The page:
One of the principal reasons to buy a vinyl fence is because they are essentially maintenance free. They are built to withstand the great outdoors without succumbing to rotting, mildewing, warping, or other problems. They never need painting and, for the most part, if they get a little dirty, you can simply rinse them off with your garden hose. After some time, however, or under certain circumstances, your fencing might get dirty enough hat a simple washing off won't do. In the unlikely event that this happens to you, there are a few simple cleaning tips to keep in mind.
If your fence becomes scuffed, perhaps because you accidentally scraped something against it or because of children's dirty hands, a simple wash rag will do the trick. Just take the rag and the water to the fence and go to work on the scuff marks. If you still can't get them to budge, you might try using just a touch of lacquer thinner. This will almost always get rid of the scuff marks and leave your fence looking as good as new.
We mentioned children earlier and the messes that seem to follow them. If your child ever gets creative with crayons or sidewalk chalk and takes them to your fence, don't panic! A simple plastic scraper can usually get rid of most or all of the handiwork. If that alone doesn't do the trick, you can use mineral spirits, applied with a wet rag to scrub away the marks. Give your fence a thorough rinsing after you've finished, and it should be back to looking great in no time at all!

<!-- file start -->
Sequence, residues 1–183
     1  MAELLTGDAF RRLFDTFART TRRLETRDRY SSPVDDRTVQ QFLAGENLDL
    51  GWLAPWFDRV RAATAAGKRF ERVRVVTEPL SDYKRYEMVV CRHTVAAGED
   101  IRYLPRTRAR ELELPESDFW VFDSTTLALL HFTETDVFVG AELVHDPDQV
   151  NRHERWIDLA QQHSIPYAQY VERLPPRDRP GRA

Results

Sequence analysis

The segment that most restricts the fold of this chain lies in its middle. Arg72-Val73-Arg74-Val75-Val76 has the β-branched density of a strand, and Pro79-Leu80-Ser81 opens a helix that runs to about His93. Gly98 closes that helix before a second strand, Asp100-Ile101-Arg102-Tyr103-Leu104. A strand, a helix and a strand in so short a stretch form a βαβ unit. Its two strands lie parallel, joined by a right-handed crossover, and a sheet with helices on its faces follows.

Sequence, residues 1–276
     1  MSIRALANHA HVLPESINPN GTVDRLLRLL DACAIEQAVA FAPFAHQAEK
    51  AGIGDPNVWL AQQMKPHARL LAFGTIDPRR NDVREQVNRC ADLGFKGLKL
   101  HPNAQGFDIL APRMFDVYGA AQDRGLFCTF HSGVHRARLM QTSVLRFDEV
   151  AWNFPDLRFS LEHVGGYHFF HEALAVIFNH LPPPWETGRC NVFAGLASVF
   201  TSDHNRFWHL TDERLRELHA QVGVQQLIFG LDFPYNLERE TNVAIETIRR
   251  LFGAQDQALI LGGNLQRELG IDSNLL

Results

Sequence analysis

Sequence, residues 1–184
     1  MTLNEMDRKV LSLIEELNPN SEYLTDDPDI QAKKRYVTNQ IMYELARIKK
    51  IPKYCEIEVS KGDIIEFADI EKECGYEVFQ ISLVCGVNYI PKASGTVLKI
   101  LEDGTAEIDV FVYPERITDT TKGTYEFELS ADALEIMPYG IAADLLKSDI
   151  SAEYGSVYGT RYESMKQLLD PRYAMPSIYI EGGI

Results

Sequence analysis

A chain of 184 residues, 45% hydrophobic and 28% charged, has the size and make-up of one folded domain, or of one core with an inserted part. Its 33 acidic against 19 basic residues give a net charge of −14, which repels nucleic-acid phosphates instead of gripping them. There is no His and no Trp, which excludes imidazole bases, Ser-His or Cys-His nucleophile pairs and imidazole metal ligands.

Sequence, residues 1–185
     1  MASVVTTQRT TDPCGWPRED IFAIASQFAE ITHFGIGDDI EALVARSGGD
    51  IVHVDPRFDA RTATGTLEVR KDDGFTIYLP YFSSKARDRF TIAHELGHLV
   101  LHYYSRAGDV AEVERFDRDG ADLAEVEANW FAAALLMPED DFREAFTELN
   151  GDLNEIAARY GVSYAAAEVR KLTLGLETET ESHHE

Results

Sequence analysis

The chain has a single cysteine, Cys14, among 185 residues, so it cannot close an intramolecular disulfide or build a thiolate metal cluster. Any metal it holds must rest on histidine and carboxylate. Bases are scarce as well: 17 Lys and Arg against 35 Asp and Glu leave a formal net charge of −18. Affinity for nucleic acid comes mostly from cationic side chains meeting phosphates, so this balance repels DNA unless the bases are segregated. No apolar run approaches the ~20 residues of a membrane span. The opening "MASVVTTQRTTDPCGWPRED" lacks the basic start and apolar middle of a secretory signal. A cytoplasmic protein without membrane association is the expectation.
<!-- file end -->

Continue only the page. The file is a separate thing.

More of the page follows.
Other than these infrequent occasions, you really shouldn't have to bother with your fence much at all. In fact, some people own their vinyl fences for decades without ever cleaning them. If you're a little more anal and want to keep things looking perfect, you can give your fence regular washings, using water and a little bit of dish liquid. For especially dirty surfaces, adding in about a cup or so of bleach can also help.
Outside of the cleaning products referenced here, you shouldn't use any other chemical on your fence. Certain cleaning products have been known to harm or damage vinyl fencing. Also, make sure that you always try just plain water first. Cleaning products should only be used as a last resort when all else fails. Fences